Two U.S lawmakers introduced legislation on Wednesday that aims to shift more U.S foreign aid funding to the Indo-Pacific region in response to what one described as “China’s bid for hegemony” in the region.
The Indo-Pacific Engagement Act is co-sponsored by Rep Ami Bera, a Democrat from California, and Rep Steve Chabot, a Republican from Ohio. It would require the U.S Department of State and the U.S Agency for International Development to report to Congress on the resources and activities that are required to achieve U.S. policy objectives in the region and to provide “a detailed plan to expand U.S diplomatic engagement and foreign assistance presence in the Pacific Island nations within the next five years.”
The legislation reflects growing concern that America’s current development efforts are losing in a battle for influence in a region that is home to nearly 60 percent of the world’s population but accounts for only 11 percent of U.S President Joe Biden’s fiscal year 2023 budget request for U.S foreign assistance.
“Despite previous and current Administrations recognising the importance of the Indo-Pacific in U.S national security, for decades we have routinely underinvested in both diplomatic and aid assistance, setting the stage for China to expand its influence and attempt to define the rules in the region,” Bera said in a statement.
“The People’s Republic of China’s bid for hegemony in the Indo-Pacific is today’s problem; not a problem for five or ten years down the road. That is why it is deeply frustrating that year after year administrations of both parties produce a budget that places the Indo-Pacific near the bottom of our national priorities,” said Chabot.
The alarm bells and calls for change have grown sharper in recent weeks — particularly in the wake of a security pact signed by China and the Solomon Islands in mid-April, which the U.S and its allies fear could allow Chinese warships to dock at the strategically important archipelago.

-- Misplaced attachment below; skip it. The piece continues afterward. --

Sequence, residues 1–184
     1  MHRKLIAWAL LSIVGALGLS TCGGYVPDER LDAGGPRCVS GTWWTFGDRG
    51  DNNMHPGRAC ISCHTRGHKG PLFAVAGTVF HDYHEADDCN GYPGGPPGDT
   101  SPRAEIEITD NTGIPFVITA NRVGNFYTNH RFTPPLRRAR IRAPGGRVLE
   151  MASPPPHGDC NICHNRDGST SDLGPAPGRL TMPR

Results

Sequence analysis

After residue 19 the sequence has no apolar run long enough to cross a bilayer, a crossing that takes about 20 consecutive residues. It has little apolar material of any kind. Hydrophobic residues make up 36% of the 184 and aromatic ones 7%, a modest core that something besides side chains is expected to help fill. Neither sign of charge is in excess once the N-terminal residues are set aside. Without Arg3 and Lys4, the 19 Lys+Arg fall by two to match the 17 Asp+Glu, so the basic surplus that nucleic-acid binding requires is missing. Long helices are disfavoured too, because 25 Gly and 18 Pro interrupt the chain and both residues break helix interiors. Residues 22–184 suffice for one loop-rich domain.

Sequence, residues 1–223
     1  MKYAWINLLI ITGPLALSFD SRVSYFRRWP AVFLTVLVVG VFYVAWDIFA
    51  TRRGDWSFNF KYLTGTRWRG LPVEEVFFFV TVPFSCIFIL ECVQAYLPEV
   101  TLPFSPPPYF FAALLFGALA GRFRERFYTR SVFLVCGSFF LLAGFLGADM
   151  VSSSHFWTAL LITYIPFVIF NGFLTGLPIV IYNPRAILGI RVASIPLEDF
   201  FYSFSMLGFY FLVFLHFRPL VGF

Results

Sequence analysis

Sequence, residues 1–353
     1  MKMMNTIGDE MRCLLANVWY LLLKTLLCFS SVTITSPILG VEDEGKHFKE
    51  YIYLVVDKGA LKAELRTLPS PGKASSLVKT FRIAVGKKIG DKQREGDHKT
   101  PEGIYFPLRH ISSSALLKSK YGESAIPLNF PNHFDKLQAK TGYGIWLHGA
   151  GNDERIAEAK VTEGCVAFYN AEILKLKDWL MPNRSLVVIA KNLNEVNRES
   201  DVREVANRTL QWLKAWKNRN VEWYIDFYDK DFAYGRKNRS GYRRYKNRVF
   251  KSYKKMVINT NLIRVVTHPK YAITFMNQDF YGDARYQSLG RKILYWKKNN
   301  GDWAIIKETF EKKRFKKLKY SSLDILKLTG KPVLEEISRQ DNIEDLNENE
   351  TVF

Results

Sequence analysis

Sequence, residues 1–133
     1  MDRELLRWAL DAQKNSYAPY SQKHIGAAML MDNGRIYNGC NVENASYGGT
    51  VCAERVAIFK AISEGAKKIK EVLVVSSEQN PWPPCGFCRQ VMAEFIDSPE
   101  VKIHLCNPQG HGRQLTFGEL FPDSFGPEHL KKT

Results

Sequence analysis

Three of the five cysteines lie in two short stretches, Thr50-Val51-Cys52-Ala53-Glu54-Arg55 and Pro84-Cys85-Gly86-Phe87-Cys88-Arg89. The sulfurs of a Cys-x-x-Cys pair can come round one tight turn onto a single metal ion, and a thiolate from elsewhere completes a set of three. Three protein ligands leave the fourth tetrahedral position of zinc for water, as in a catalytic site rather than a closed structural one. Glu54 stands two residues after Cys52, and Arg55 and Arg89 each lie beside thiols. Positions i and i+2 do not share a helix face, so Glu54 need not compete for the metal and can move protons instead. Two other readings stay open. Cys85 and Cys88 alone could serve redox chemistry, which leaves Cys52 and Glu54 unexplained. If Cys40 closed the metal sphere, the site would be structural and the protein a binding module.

The deal is part of a larger effort by China to court small Pacific island states that together have jurisdiction over a vast, resource-rich stretch of ocean that’s home to critical shipping lanes. In recent years, Beijing has flooded the chain of islands with infrastructure and development funding, leading to charges that the U.S is now playing catch-up.
“We are in a generational economic contest with China that couldn’t have possibly higher stakes,” Kaush Arha, a senior fellow in the Atlantic Council’s Global China Hub and in the Krach Institute for Tech Diplomacy at Purdue University, told Devex.
Specifically, those stakes are whether global economic rules are set by authoritarian governments or liberal democracies, said Arha, who served as USAID’s senior adviser on strategic engagement and coordinated the agency’s China-related policies during the administration of former President Donald Trump.
“There’s a huge gap in America about saying China is a strategic threat and then what do you do about it,” Arha said.